On May 19, 2016, the Board of Immigration Appeal’s (BIA or Board) dismissed the appeal of a respondent who was convicted of solicitation to possess marijuana for sale, an Arizona class 4 felony, and subsequently paroled into the U.S. when she attempted to reenter as a lawful permanent resident (LPR). Among other grounds, in removal proceedings she was charged as an arriving alien under INA §212(a)(2)(A)(i)(I) as one convicted of a crime involving moral turpitude (CIMT) and later found inadmissible, by the Immigration Judge, as charged.
On appeal, the principal issue for the Board was whether such a conviction is a CIMT per INA §212(a)(20(A)(i)(I). Like the IJ, the BIA cited to Barrangan-Lopez v. Mukasey, 508 F.3d 899 (9th Cir. 2007), which held that an Arizona conviction for solicitation to possess marijuana for sale was a CIMT for purposes of deportability under INA §237(a)(2)(A)(i), to find the respondent’s solicitation conviction a crime involving moral turpitude. Initially, the Board noted that both the Ninth Circuit and BIA have previously looked to the underlying offense to determine whether an inchoate crime such as solicitation is a CIMT; the Board found that by pleading guilty, respondent had, in effect, admitted her “specific intent to promote or facilitate the commission of a crime involving moral turpitude under Arizona law.”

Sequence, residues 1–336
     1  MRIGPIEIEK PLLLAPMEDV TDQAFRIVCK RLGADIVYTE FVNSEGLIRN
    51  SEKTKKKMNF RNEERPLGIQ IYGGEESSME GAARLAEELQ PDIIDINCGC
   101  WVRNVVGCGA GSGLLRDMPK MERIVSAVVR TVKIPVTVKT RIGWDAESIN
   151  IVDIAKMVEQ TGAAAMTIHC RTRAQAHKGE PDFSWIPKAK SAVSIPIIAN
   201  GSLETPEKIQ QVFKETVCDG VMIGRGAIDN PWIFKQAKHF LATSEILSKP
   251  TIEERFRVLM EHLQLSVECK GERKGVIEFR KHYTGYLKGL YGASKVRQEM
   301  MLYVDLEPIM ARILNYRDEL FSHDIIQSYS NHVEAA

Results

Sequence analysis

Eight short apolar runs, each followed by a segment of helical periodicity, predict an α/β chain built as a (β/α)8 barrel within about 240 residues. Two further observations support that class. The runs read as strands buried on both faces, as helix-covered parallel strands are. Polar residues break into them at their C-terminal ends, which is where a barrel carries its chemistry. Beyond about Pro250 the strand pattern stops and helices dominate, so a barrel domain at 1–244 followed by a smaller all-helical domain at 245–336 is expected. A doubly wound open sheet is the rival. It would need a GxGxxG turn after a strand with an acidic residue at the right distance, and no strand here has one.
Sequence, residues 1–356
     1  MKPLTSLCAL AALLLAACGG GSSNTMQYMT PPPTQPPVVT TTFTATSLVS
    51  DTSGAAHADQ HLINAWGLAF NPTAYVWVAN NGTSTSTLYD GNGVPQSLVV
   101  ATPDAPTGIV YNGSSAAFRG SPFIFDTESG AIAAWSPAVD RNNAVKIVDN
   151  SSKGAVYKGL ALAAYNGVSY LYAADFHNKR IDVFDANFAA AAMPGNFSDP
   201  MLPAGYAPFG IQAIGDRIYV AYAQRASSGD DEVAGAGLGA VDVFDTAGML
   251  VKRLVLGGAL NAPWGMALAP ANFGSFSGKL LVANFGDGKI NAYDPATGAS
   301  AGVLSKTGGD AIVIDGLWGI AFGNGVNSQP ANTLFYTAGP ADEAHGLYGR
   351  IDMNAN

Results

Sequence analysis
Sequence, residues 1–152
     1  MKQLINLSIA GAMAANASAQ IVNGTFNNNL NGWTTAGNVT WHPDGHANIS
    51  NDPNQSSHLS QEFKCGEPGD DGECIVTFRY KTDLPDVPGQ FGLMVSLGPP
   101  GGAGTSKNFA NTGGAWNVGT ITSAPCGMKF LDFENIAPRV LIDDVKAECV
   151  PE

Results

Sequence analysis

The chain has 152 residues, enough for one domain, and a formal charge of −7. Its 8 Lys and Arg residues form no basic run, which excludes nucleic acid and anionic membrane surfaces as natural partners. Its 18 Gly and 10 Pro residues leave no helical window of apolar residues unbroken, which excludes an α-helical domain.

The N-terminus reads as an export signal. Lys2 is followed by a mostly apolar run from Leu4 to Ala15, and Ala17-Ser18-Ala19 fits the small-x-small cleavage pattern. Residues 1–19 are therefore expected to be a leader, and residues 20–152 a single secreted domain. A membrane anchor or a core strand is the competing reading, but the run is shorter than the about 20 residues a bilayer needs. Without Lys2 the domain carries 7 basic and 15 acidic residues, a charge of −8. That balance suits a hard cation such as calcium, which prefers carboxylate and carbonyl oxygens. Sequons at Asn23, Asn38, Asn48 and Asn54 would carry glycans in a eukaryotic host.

The BIA also dismissed respondent’s claim that under Ninth Circuit law, she is not inadmissible per INA §212(a)(2)(A)(i)(I) because that section specifically references attempt and conspiracy offenses, contending that under other Ninth Circuit cases, solicitation offenses are necessarily excluded from the statute’s ambit. The Board restated its prior conclusion that the inclusion of some generic offenses does not indicate Congress’ intent to exclude others from a statute’s reach and pointed out that the Ninth Circuit has made clear that where an underlying offense is a CIMT, so too are the crimes of solicitation or facilitation to commit that crime. Thus, the Board noted that a footnote in Matter of Vo, 25 I&N Dec. 426 (BIA 2011) at 429, n.4 stated that the Ninth Circuit had indicated that INA §237(a)(2)(A) covers a broader range of CIMT’s that 212(a)(2)(A)(i)(I); this, the decision states, was dicta and no longer reflects the Board’s “understanding of the Ninth Circuits approach, and we now withdraw from it.” Matter of Gonzalez Romo, 26 I&N Dec. 743 (BIA 2016).
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